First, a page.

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What We Read Today 06 September 2014

Econintersect: Every day our editors collect the most interesting things they find from around the internet and present a summary "reading list" which will include very brief summaries (and sometimes longer ones) of why each item has gotten our attention. Suggestions from readers for "reading list" items are gratefully reviewed, although sometimes space limits the number included.


  • Coffee's Caffeine Buzz Evolved Separately from Tea's (Ewen Callaway, Nature Magazine, Scientific American) Coffee plants habituate pollinators to caffeine and that is a key to their survival. Another interesting research fact is the biochemistry of caffeine formation in coffee plants is different that in other caffeine containing plants such as teas and cacao. That may indicate two independent origins for caffeine in plants.
  • Recent articles about Ferguson:

Ferguson Police Chief Lied About Why He Released Alleged Michael Brown Robbery Tape: Report (Simon McCormack, Huffington Post)

  • Articles about wars elsewhere in the world:

Boko Haram crisis: 'Bodies litter' Nigeria's Bama town (BBC News)

Damaged Buildings and Psyches Challenge Schools in Gaza (Jodi Rudoren, The New York Times)

White House confirms al-Shabab leader killed in airstrike in Somalia (Craig Whitlock, The Washington Post)

ISIS, Libya, NATO, and Preventing the Next 9/11 (Dennis J. Kucinich, The Huffington Post)

MAP: Islamic State’s brutal massacres in Syria and Iraq (Swati Sharma, The Washington Post)

Obama Says US Will 'Degrade and Ultimately Defeat' ISIS Like Al Qaeda (Erin Dooley, abc News)

U.S. says forms 'core coalition' to counter Iraq militants (Phil Stewart and Julien Ponthus, Reuters)

Querying Nato's rapid reaction force (Jomathan Marcus, BBC News)

Cease-fire takes effect in eastern Ukraine amid discord and skepticism (Sergei Loiko and Carol J. Williams, LA Times)

There are 10 articles discussed today 'behind the wall'.

This week we have started a new section "Other Economics and Business Items of Note", the final section every day.

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  • Forget Target Date ETFs And Consider These Options Instead (David Fabian, FMD Capital) Fabian suggests that diversified sector ETFs are better investor choices than target date funds, which were advertized to perform an asset allocation and time horizon problem for investors but have, instead, delivered continuing under-performance.
  • Teen birth rates plummet (Dennis Thompson, HealthDay, CBS News) Teen birth rates in the U.S. declined 57% over the past 20 years with a dramatic impact on school dropout and social services costs for the government. The savings in 2010 alone was about $20 billion. Over the past 55 years the teen birth rate has declined even more (72%). Abortion has not contributed to the decline: abortion rates have fallen even faster. In spite of the dramatic decline, the teen birth rate in the U.S. is still higher than many other countries. It is 6% higher than Russia, 22% higher than the UK and more than 500% higher than Japan, Denmark, Netherlands and Switzerland.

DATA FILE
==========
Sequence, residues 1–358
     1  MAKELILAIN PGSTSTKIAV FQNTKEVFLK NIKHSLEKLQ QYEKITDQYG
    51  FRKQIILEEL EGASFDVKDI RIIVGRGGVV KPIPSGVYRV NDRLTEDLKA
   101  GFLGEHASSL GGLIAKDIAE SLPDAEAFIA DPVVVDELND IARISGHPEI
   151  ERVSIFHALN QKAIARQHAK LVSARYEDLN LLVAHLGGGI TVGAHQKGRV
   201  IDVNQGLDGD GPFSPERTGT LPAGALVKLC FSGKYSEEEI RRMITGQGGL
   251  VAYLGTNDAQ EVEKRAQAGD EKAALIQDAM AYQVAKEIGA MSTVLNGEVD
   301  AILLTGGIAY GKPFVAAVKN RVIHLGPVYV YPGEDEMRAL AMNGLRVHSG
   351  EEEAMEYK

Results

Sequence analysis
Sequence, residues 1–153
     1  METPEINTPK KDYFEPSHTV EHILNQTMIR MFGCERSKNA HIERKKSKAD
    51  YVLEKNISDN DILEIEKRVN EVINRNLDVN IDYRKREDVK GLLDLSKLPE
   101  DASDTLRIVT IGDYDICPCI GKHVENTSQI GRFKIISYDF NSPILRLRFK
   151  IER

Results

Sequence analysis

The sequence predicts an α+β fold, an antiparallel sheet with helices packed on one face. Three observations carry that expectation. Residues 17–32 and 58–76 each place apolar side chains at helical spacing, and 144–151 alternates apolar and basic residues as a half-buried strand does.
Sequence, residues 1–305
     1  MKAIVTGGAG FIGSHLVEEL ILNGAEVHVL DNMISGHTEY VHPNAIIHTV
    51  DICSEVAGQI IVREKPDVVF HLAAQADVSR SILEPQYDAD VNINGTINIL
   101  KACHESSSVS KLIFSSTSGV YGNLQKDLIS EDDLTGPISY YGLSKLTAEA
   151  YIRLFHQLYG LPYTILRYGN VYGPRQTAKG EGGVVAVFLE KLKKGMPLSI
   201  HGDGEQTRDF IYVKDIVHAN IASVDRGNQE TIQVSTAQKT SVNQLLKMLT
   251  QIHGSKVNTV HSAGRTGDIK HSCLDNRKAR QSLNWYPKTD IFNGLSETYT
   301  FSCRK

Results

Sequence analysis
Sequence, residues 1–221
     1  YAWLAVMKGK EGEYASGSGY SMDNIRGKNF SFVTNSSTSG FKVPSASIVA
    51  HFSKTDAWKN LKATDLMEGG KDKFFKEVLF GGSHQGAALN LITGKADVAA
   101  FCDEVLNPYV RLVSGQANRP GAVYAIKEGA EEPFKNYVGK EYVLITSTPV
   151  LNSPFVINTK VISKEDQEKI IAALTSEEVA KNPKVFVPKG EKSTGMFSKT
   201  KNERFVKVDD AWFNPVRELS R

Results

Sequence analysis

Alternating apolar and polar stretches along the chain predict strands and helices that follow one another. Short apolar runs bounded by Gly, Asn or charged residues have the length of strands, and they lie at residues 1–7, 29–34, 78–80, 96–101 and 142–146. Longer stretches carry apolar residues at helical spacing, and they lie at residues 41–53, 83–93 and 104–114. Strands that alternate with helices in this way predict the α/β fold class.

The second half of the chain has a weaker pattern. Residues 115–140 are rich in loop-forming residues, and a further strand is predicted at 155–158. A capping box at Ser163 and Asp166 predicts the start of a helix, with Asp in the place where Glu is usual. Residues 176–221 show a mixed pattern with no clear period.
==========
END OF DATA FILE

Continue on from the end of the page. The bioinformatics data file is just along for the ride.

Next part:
• Short Men Make Better Boyfriends and Husbands (Alice Robb, New Republic) They're less likely to divorce and they do an extra hour of housework each week. These conclusions are from a University of Michigan project that's been collecting demographic data on 5,000 families for almost 50 years.
  • Comparing Recoveries (Walter Kurtz, The Daily Shot email, no url) The last three economic recoveries have been criticized for being "jobless" yet there are several with lower employment growth rates and all others since 1939 have been much shorter in duration.


  • The Dreadnought of Dinosaurs (Rachel Ewing, Scientific Computing) An absolutely captivating summary of the new data found on the largest land animal ever discovered for this planet. Reading this an analogous size relationship occurred to us: Man and mouse.
  • It's Been A Really Long Time Since We've Seen A 10% Decline In Stocks (Myles Udland, Business Insider) There have been 58 10% corrections for the S&P 500 since World War II, The duration of the current span since the last correction is longer than 49 other occasions, putting it in the 84th percentile. But it is less than 1/3 the length of the longest, which started in August 1990.


  • Other Economics and Business Items of Note

99.999% certainty humans are driving global warming: new study (The Conversation)

MetLife 'strongly disagrees' with FSOC systemic risk tag (Employee Benefit Advisor)

American exceptionalism (The Economist)

How the economics of health care are changing (Pittsburgh Post-Gazette)

Economic Inequality Continued To Rise In The U.S. After The Great Recession (FiveThirtyEight)

Brazil’s economy: Better than Ukraine (The Economist)

Do fast-food strikes actually work? (The Guardian)

Time to get over cost-benefit analysis (New Economics Foundation)

Alibaba files to sell up to $24.3 billion in stock, biggest US IPO ever (CNBC)

Nevada offered $1.25 billion in tax breaks to win Tesla (USA Today)

Dozens arrested nationwide in rallies for higher minimum wage (LA Times)

BP Ruling ‘Wakeup Call’ as Risks Mount in Oil Search (Bloomberg Businessweek)

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